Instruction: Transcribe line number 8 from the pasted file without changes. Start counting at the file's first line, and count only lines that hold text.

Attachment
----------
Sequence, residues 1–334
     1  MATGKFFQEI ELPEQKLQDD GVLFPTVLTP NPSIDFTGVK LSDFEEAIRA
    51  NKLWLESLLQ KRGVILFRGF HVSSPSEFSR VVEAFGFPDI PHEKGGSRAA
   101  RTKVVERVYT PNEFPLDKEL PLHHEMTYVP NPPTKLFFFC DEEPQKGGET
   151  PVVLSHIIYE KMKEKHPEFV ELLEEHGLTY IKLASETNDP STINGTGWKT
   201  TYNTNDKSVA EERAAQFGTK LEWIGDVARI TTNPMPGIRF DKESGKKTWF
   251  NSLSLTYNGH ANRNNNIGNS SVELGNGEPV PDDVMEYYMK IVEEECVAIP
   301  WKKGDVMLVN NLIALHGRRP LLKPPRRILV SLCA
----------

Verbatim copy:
   301  WKKGDVMLVN NLIALHGRRP LLKPPRRILV SLCA